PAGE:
Transcriptional reprogramming of skeletal muscle stem cells by the niche environment
14 August 2021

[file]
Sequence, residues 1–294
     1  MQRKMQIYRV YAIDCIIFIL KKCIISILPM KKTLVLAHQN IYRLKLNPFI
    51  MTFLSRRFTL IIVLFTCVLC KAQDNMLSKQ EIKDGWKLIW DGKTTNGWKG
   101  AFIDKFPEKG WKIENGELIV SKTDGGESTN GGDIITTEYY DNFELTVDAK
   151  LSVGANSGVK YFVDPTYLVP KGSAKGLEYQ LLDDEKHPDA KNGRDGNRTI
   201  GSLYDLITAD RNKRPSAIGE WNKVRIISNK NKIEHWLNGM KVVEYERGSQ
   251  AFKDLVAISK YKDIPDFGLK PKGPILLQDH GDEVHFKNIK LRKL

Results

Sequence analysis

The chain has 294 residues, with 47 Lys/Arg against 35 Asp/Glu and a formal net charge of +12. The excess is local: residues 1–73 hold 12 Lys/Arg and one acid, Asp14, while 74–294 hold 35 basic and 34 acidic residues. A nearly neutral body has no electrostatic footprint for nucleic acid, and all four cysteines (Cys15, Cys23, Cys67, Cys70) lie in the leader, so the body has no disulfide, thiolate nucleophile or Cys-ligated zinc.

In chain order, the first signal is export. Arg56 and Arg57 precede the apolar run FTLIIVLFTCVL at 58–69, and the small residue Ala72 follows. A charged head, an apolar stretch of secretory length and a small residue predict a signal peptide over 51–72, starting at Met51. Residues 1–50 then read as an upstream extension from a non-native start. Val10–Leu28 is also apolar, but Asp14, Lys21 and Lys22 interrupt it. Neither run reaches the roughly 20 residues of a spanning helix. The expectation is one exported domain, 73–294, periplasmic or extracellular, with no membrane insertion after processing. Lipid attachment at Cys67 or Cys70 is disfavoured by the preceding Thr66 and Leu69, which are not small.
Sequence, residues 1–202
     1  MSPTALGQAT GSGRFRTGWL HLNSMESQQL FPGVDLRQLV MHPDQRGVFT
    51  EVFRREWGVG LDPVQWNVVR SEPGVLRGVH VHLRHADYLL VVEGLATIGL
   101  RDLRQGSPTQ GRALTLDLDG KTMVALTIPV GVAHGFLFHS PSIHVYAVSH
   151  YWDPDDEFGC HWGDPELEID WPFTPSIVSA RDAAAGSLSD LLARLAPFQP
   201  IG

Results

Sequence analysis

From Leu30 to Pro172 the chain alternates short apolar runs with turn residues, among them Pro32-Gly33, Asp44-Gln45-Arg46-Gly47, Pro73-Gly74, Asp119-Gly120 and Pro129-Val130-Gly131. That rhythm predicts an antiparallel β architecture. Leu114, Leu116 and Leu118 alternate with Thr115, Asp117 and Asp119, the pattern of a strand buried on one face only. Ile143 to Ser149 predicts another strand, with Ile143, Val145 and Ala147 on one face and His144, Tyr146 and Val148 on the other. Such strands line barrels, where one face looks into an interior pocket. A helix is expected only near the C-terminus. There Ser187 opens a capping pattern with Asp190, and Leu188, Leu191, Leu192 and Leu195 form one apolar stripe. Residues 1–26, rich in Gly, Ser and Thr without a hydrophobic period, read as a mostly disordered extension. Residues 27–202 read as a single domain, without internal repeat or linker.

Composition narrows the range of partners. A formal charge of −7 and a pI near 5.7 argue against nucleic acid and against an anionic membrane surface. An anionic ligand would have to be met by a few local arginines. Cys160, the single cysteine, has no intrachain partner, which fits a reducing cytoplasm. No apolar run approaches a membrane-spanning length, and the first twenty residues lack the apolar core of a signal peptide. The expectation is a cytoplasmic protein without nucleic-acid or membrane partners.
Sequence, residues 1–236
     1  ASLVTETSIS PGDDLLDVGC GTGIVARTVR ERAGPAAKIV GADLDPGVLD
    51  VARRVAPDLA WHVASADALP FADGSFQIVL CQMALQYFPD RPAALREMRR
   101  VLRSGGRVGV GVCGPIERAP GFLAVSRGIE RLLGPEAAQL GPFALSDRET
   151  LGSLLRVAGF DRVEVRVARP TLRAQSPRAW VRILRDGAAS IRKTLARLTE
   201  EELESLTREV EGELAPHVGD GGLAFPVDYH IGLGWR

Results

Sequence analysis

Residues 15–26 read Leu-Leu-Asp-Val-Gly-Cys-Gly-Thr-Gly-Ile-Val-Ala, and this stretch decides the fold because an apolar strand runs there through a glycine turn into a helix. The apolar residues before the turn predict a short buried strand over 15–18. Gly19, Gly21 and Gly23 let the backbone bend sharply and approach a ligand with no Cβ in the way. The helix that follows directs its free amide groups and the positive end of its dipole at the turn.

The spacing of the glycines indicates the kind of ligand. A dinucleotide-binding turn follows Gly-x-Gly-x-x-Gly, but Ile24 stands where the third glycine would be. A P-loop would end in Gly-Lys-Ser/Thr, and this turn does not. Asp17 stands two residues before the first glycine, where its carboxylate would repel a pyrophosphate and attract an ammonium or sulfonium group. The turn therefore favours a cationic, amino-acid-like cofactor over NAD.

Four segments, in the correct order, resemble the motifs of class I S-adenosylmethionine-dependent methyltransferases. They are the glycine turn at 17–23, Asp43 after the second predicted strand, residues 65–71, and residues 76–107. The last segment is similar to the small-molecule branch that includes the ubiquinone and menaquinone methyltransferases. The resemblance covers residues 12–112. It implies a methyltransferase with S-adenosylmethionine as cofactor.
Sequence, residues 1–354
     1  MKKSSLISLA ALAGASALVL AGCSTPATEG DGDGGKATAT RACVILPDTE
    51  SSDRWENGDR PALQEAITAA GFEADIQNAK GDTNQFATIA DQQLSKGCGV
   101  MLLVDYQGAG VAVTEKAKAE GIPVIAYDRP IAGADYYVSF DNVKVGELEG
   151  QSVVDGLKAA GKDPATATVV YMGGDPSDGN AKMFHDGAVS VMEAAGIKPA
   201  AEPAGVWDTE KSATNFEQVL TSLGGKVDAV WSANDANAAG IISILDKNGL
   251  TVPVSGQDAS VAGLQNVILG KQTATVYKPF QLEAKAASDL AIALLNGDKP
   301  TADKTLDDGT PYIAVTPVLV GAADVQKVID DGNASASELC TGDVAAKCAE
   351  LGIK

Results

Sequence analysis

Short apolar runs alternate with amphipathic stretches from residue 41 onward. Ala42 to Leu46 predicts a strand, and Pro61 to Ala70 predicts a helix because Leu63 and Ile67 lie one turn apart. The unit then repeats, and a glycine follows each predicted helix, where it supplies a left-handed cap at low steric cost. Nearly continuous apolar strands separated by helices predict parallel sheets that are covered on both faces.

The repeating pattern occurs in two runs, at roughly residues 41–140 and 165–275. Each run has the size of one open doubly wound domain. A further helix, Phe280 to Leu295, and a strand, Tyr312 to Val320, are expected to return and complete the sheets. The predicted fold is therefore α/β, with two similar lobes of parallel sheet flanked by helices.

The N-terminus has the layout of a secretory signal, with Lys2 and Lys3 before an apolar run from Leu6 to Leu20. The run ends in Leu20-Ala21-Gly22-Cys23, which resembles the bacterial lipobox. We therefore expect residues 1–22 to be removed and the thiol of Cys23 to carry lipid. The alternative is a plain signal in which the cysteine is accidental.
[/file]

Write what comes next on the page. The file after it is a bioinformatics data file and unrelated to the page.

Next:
Adult stem cells are indispensable for tissue regeneration, but the number and regenerative capacity of stem cells declines with age. Whether the decrease in stem cell function is the cause or consequence of the aging of a tissue is unclear. Evidence suggests that the niche environment plays a critical role in the regulation of adult stem cell function6-10. However, quantification of the niche effect on stem cell function is an unmet challenge. Using muscle stem cells (MuSCs) as a model, we show that aging leads to a significant transcriptomic shift in MuSC subpopulations. By combining in vivo MuSC transplantation, multi-omics and computational methods, we show that the expression of approximately half of all age-altered genes in MuSCs can be restored by exposure to a young niche environment. Age-related genes whose expression is not restored exhibit altered chromatin accessibility and are associated with differentially methylated regions between young and aged cells. Our findings establish that the expression of the majority of age-related altered genes that are not epigenetically encoded is readily restorable by exposure to a young niche environment. The stem cell niche may therefore be an important therapeutic target to mitigate the negative consequences of aging on tissue regeneration.